On strong females in fiction

So the other day I read an incredible book that featured a strong, layered female protagonist (and I’m not going to say more about it than that because reasons.) After I finished reading, I headed over to Goodreads, as I often do, to check out what others thought about the book. While for the most part the reviews were positive, a good chunk of them, even some of the four and five star reviews, complained about the female protagonist. The general consensus amongst these reviewers was that the female character wasn’t strong, like they’d been deceived into thinking by the book jacket. If she was supposed to be strong, then why did she cry? If she was supposed to be tough, then why did she think about boys so much? If she was supposed to be badass, then why did she like dresses and makeup and shopping? One reviewer even called her a walking contradiction.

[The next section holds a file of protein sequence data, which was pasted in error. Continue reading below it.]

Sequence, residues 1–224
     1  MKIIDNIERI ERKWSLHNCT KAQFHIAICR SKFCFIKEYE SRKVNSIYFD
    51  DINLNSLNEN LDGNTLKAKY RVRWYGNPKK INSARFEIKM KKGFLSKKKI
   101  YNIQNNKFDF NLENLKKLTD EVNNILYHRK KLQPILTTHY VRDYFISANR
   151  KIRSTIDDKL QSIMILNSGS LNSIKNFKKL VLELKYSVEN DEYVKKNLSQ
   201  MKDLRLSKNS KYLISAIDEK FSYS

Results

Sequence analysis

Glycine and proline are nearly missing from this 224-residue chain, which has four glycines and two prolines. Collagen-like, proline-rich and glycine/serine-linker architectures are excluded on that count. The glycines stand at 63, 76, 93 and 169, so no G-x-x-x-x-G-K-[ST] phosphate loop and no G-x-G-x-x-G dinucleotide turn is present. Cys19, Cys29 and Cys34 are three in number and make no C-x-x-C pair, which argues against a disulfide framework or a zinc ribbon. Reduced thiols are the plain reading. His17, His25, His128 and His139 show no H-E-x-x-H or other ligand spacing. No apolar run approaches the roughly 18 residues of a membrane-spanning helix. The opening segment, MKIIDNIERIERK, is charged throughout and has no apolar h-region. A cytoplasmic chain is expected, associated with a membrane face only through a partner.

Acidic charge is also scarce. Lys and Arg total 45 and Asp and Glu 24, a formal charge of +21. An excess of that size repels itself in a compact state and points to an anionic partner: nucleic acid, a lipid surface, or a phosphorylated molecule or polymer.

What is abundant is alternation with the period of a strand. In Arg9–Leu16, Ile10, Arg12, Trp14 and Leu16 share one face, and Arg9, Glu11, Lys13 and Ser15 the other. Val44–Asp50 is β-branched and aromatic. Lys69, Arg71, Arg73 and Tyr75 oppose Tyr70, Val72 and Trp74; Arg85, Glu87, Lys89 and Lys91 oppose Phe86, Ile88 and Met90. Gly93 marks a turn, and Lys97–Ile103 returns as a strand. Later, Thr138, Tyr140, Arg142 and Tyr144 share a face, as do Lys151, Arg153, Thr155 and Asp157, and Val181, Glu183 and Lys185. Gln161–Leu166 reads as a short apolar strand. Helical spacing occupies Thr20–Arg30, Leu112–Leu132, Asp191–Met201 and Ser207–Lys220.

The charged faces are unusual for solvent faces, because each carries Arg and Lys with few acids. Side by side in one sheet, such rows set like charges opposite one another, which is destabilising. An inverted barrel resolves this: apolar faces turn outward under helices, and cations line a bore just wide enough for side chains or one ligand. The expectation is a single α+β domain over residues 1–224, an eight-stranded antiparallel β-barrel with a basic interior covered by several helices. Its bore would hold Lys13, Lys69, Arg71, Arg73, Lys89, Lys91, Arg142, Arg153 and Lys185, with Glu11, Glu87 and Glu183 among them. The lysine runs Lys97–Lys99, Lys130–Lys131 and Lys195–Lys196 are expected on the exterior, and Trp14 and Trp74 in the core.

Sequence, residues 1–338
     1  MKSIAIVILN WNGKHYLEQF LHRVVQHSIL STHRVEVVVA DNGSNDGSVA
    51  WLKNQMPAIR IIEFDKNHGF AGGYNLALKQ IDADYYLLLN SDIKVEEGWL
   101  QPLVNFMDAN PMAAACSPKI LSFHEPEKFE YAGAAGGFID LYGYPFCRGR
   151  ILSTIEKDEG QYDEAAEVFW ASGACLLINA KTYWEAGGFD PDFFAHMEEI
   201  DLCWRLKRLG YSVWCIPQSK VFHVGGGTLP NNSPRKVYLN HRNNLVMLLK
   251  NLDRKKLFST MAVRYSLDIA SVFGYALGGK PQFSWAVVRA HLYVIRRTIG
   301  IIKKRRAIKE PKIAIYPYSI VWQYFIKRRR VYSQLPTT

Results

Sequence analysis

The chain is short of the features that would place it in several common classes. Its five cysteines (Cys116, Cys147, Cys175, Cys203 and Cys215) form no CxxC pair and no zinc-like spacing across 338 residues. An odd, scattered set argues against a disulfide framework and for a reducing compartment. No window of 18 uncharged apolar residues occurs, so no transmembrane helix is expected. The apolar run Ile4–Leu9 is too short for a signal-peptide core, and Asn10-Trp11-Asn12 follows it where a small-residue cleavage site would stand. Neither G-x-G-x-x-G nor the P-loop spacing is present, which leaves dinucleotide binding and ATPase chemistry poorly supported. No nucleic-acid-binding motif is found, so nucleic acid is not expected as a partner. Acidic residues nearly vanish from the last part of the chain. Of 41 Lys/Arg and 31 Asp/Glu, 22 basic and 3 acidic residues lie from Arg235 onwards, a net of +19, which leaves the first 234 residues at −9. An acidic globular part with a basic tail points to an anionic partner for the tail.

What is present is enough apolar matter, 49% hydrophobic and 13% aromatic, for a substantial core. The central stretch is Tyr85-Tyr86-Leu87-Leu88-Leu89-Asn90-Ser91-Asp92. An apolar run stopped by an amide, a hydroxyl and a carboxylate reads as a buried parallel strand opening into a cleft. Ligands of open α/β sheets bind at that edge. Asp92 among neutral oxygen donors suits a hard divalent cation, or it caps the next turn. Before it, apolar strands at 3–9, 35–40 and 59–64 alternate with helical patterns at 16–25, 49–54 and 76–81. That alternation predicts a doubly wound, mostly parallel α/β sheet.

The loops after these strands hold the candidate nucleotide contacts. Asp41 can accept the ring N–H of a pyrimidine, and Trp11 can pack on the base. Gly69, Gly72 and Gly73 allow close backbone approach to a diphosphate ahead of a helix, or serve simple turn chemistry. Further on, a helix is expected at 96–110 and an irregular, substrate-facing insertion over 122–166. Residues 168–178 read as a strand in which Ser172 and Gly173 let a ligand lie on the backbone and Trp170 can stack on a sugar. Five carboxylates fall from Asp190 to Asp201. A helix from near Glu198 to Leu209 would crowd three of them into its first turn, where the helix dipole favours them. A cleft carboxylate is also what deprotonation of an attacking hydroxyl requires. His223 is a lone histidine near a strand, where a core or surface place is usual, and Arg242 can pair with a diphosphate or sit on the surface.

Well. This really disappointed me. Basically, what they were saying is that to be truly strong and badass, this character should have been less stereotypically feminine—especially troubling because most of the reviewers were women themselves.


Listen—female characters can be strong without being stripped of liking dresses and makeup and boys. They’re not signs of a weak character. They’re not flaws. Which leads me to the thesis statement of this blog post:


Being feminine and being strong aren’t mutually exclusive.


There was a quote going around a few weeks ago from Natalie Portman that perfectly summed up my feelings:


“I want [female characters] to be allowed to be weak and strong and happy and sad – human, basically. The fallacy in Hollywood is that if you’re making a ‘feminist’ story, the woman kicks ass and wins. That’s not feminist, that’s macho. A movie about a weak, vulnerable woman can be feminist if it shows a real person that we can empathize with.”Natalie Portman